October 8, 2020 |
On Thursday, the American Council on Education and 54 other higher education associations signed a letter condemning President Donald J. Trump’s Sept. 22 executive order prohibiting diversity training for all federal contractors and grant recipients, including colleges and universities.
Signers of the letter include the Association of American Colleges and Universities, the Common App, the National Collegiate Athletic Association, the Phi Beta Kappa Society and others.
The executive order seeks to ban training materials “rooted in the pernicious and false belief that America is an irredeemably racist and sexist country; that some people, simply on account of their race or sex, are oppressors.”
The letter accuses the president of causing “concern, confusion, and uncertainty for federal contractors and grant recipients across the country” because of the executive order’s “timing, content, and discordant tone.” It also argues that the prohibition goes against
Watch out Seattle.
There is a totalitarian, cult indoctrination under way to promote toxic propaganda, through anti-American re-education camps.
What is this insidious force? Anti-racism training and education.
Yes, the latest target in the Trump administration’s culture war is attacking previously obscure academic disciplines like critical race theory and trainings designed to unpack and dismantle our country’s legacy of racism.
The topic even came up at the debate, with the president saying anti-racist trainings lead people to “hate our country.”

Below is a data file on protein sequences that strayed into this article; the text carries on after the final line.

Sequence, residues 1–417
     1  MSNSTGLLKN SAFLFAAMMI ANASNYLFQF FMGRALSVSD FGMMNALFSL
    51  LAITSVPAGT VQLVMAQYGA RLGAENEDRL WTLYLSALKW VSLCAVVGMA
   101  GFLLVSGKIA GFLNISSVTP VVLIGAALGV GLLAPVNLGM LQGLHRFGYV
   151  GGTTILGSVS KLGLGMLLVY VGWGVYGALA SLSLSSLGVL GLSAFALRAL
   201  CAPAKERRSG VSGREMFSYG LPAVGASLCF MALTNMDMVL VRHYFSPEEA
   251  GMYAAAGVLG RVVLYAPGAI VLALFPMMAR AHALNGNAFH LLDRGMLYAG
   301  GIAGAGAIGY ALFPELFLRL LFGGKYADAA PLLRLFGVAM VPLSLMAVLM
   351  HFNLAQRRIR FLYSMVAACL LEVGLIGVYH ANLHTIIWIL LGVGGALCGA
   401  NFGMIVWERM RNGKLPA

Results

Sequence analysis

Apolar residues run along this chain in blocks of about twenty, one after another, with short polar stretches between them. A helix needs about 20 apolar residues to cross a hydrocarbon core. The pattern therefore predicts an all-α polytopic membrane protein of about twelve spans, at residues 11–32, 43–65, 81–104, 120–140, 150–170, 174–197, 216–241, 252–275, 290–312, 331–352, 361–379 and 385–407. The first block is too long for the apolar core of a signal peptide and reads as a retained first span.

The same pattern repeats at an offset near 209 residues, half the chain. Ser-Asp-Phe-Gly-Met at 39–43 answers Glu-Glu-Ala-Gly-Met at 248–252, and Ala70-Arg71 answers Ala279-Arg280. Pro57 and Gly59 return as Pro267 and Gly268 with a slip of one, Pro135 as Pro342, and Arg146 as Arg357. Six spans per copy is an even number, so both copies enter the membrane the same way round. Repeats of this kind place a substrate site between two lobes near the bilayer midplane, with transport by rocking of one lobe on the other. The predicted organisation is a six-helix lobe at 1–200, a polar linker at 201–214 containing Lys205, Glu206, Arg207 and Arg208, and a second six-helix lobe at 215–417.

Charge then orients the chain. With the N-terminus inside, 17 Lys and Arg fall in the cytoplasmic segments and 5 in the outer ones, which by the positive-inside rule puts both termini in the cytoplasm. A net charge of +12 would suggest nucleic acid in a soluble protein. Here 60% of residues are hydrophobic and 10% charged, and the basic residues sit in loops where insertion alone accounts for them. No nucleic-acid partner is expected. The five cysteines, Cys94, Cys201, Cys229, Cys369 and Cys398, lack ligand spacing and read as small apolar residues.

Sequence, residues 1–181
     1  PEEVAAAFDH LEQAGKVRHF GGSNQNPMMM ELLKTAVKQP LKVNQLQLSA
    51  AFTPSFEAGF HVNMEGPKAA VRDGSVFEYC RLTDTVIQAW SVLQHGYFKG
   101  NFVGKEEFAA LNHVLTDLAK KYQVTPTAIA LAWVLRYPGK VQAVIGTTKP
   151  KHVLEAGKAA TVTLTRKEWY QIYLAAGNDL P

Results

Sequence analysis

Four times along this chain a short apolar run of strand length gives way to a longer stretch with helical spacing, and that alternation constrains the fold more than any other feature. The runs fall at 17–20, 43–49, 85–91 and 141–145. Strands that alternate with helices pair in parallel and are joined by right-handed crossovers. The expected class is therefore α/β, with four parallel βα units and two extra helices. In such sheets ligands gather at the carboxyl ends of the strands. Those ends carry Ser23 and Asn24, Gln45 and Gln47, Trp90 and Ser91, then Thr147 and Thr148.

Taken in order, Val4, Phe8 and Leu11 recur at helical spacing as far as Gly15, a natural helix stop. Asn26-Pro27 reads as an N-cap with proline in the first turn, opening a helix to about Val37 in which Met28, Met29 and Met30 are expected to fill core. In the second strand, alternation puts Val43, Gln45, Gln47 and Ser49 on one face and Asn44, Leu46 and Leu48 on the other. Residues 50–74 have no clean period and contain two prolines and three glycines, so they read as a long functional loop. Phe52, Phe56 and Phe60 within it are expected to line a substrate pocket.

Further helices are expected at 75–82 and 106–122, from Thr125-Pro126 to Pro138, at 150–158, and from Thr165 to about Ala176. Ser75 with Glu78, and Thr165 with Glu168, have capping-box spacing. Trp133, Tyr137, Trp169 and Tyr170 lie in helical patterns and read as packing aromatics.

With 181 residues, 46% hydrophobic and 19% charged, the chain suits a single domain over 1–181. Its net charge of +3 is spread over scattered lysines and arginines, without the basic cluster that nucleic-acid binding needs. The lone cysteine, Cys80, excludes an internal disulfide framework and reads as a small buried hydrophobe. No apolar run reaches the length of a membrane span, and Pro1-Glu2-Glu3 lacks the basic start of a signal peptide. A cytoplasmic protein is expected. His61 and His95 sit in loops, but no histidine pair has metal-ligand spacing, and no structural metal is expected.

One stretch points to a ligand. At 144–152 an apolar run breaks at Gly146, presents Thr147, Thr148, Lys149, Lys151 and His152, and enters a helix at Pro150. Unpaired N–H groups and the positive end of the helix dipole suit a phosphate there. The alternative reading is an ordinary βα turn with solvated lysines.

It may sound like just another rhetorical volley to rally the base, but it’s become much more than that. In late August, the U.S. Department of Justice took aim at the “anarchist jurisdiction” of Seattle’s racial justice training led by the Seattle Office for Civil Rights, questioning whether it violated civil rights.
Then in early September, the U.S. Office of Management and Budget (OMB) sent out a memo to instruct
Plus a journalism professor on ‘The Bachelorette’ and examples of great journalism to share with your students
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For this newsletter to be in your inboxes by Sunday morning, I need to finish it Friday morning. Like many of us, I woke up Friday morning to the news of President Donald Trump testing positive for COVID-19.
In light of this developing story, I’m shifting gears away from what I had planned (tips for student journalists covering election night/week) since there are now new questions about the next few weeks. I strongly encourage that at least for the month of October, you and your students to subscribe to the Poynter newsletters from my colleagues Tom Jones and Al Tompkins — they offer daily